Take a moment

via Blackbird

Taking a moment was one of the cornerstones to me regaining control over my depression and anxiety.

Stopping.

Seeing the moment.

Even if it is just recognising the sun is shining. Or how blue the sky is. Or how the sun feels on my skin, or the wind in my hair or the rain on my face.

Recognising it for what it was: beautiful, funny, everyday, exhilerating, depressing, angry, worrying.

It doesn’t matter.

It’s just a moment.

Today, the last day of 2010, I had so many moments:

– the first shock of water on my feet at the lake

– watching schools of fish swim around us

– seeing a MASSIVE crab scuttle along the sandy bed, bury itself, reappear, go at one of the guys antagonising it, scuttle in amongst the rocks

– watching a woman take umbridge at the guys trying to catch the crab, assuming the moral high-ground even though she was there with her bloody dog

– watching my boys (without them realising) in the water

– discovering a sea dragon, seeing everyone’s wonder

– seeing the little boys still after hours of mania as the fireworks burst above us over Sydney Harbour

Take a moment.

Happy New Year everyone.

May 2011 be everything and more.

Grace in Small Things: Part 4 in 365*

  1. Felix has taken to lying down in bed with Jasper at night time to tell him stories that he’s made up. Now if that doesn’t warm the cold hard heart of a parent what will? Of course the stories involve dragons and a lot of poo and many people dying but Jasper adores it and how it makes my spirit soar.
  2. Supportive family. My gall bladder operation is tomorrow and everyone seems to be taking it far more seriously than I am. Ignoring it, much? Anyway, we had a family gathering on Sunday and I was talking to my MIL about it and she had her calendar in front of her when I noticed that for the next week and a half she’s put down helping me every day. I’d put one of those smiley emoticons in here now if they didn’t just shit me to tears.
  3. Glorious winter weather. Seriously, the last month has been day after day of the most remarkable cloudless blue skies that just yell Sydney to me. Days in the high teens, early 20s and just a crystal clean feel to them that make you get outdoors. It’s seen us over at the beach more often than not and me realising that next year I’m probably going to have to get the boys wetsuits, such is their joy of swimming any time of the year.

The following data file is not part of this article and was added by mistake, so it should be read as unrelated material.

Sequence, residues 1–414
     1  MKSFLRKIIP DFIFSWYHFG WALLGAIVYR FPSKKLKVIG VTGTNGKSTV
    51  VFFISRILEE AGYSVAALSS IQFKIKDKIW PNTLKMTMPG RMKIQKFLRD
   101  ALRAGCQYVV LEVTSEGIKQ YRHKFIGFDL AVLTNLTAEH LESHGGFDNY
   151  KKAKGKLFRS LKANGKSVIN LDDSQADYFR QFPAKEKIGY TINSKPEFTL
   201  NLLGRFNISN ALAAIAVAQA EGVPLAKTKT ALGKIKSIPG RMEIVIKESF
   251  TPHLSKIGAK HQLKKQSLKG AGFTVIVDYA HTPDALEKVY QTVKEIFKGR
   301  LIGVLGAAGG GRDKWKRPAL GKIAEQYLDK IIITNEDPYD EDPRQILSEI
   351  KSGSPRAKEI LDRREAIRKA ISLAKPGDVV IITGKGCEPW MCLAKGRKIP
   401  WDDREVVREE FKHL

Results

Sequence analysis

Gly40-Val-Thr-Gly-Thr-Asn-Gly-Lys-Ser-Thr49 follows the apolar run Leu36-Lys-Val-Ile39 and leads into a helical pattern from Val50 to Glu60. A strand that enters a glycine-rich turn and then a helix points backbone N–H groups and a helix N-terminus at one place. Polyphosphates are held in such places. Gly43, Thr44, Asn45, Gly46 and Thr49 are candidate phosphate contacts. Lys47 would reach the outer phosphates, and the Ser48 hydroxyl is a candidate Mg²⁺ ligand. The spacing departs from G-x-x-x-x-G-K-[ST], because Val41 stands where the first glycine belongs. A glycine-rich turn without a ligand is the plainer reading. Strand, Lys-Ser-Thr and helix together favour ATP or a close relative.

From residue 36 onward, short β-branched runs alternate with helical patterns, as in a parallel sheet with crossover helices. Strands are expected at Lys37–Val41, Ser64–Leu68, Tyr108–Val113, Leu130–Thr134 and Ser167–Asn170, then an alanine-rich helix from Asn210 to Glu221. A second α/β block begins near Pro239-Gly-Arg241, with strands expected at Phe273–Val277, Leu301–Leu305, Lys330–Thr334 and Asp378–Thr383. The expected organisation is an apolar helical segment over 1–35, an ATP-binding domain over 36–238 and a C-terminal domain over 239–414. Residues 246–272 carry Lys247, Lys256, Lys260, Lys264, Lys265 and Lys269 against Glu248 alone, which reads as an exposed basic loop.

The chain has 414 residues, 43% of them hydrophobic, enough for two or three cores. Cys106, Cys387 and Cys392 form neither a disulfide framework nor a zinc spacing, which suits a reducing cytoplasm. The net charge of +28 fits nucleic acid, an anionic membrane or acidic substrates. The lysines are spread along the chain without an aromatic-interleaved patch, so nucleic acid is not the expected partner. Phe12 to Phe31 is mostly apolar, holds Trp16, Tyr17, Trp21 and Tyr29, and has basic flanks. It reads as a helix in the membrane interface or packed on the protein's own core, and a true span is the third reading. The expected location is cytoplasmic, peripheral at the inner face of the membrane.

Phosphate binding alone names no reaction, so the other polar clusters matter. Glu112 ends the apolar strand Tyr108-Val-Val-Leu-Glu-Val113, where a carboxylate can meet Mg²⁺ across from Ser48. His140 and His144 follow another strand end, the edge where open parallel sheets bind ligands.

* because it’s been a while.

Grace in Small Things: Part 3 of 365

Friendship

For K who has been my best friend since 1986.

1. I remember seeing her when she came to our school in Year 6 (1984) – she was tall and brown and loud and funny and smart and had a bevy of girls around her from what seemed like day 1. I was fairly awestruck as here was I, a year in and still no firm friends, framed for stealing PE gear the year before and what seemed like daily torment from the cool girls about what I was eating (salada crackers w/ vegemite for the record). It took another two years for me to pluck up the courage to talk to her, primarily because we ended up in the same German class and found immense humour in pushing each other’s thighs which glamourously hung over the edge of our chairs when wearing our delightful blood-red PE tunics.

2. She had more siblings than I could imagine and their house was loud and fun (when I was there … I never witnessed the throwing the knife at her brother’s head incident). I remember having dinner there and it seeming so weird there was a Dad at the table. I used to hang out at her place a lot because my place was pretty stressful and I just loved the energy of a house full of a big family . They were all – still are – towers in terms of height and volume. Her father’s laugh used to make me laugh which in turn made the whole family laugh and so it would go on. I adored her mum for her seemingly quiet resilience to the day to day running of a house full of teenagers. When I had dinner there it was always chops and salad and quite frankly, chops had never ever tasted so good. I loved going to her family’s farm where she nicknamed me Dim Farmer. It has stuck all these years later so as Chef and I daly in the idea of moving to the country and ‘doing something’ on the land I can only think our business name will be Dim Farming.

3. She could swim and I could run.

4. We have a joy of food – we used to ring each other after school to compare just how much we had binged on the microsecond our feet had crossed the threshold. We both have struggled with body image for ever and are always there for each other when battling the various associated demons.

5. In the 20+ years we’ve known each other the only fight we’ve ever had was when she tried to stop me from embarking on (my one and only) one night stand. All those years of teenage hideousness, the stress of exams, and all the rest and that is the only fight we’ve ever had. How cool is that.

Grace in Small Things: Part 2 of 365

1. The ocean breeze on blazing hot summer days
2. That my 18-month-old wonder will still take a 2hr+ sleep during the day
3. Our sandpit, shaded and cool in the mornings for hours of summer fun for Jasper
4. Washing drying on the line, blowing gently in the breeze
5. Unexpected opportunities, no matter how terrifying

Grace in Small Things: Part 1 of 365

There are lots of things in my life that I am grateful for, feel blessed to have or want to shout from the rooftops. So I’m going to embark on Schmutzie’s Grace in Small Things project. I certainly won’t be blogging them every day, this is me after all. But I am intent on completely 365 posts in this vein.

So without further fanfare, I give you Part 1.

1. A husband with a sense of humour.

2. The possibility of new shoes. I am definitely getting new black boots this winter.

3. Good and true friends.

4. Chokitos.

5. The smell as rain just begins to fall.